What a weirdo.

Got home at 1:30.
All I remember now is the chilled smell of the fragrant grass, driving through Mojave. It came into my car.

Wednesday, January 12, 2005





I don't care what excuse you have, nothing's gonna stop me in the middle of this speech. You're gonna...

I mean


Oops, false alarm

The earth was not destroyed ater all, it was just a lot of rain.

To celebrate, I made something in the Huevos Rancheros category for dinner last night:

Some of the thick, spicy 15-bean soup Scott made, and Sriracha'd salsa, over two well-salted & crushed-peppered fried eggs with crawling (not running) yolk, sprinkled with grated Drunken Goat cheese, over a corn tortilla, with a pint of Bison stout for refreshment.

Eggs and salt is the best combination ever invented.

Monday, January 10, 2005

The end of all flesh is come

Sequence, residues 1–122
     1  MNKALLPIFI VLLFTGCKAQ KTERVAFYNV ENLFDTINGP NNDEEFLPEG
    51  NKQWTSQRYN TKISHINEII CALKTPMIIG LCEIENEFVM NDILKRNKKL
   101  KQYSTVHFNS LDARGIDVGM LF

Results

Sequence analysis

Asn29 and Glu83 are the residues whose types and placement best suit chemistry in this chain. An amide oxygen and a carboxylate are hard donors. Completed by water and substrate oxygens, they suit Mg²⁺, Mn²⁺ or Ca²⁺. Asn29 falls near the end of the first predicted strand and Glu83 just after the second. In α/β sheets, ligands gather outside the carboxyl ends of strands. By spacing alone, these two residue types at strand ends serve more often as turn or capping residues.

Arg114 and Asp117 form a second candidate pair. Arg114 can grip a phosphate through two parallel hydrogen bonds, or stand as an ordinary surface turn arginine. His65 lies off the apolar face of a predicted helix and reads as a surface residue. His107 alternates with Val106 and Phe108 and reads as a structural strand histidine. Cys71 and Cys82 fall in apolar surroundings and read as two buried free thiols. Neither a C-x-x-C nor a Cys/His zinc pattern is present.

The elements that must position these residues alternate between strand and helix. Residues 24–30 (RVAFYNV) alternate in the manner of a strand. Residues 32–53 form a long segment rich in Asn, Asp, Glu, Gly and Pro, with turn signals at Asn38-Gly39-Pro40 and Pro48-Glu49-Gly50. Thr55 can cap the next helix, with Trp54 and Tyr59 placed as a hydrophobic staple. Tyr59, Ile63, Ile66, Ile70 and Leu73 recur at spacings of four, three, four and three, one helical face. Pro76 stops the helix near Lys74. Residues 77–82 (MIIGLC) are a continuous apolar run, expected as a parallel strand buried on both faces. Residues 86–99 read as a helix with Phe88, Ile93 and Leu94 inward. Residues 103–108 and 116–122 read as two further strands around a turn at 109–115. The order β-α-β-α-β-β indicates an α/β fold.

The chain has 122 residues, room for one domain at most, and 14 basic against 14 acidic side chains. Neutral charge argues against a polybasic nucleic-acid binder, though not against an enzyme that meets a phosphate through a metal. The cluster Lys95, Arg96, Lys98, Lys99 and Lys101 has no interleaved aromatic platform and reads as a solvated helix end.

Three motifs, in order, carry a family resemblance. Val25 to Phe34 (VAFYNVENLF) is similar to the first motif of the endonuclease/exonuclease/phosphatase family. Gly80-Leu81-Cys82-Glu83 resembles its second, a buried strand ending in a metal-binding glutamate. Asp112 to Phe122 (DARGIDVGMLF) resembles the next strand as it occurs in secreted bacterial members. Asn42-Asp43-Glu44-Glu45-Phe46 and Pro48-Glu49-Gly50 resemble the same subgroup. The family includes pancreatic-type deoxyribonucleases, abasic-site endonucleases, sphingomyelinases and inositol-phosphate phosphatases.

Make thee an ark of gopher wood; rooms shalt thou make in the ark, and shalt pitch it within and without with pitch.

A window shalt thou make to the ark, and in a cubit shalt thou finish it above; and the door of the ark shalt thou set in the side thereof; with lower, second, and third stories shalt thou make it.

And, behold, I, even I, do bring a flood of waters upon the earth, to destroy all flesh, wherein is the breath of life, from under heaven...

...and every thing that is in the earth shall die.

For yet seven days, and I will cause it to rain upon the earth forty days and forty nights...

...and every living substance that I have made will I destroy from off the face of the earth.

And it came to pass after seven days, that the waters of the flood were upon the earth.

...And it came to pass that even the garbage cans got knocked down, look at this shit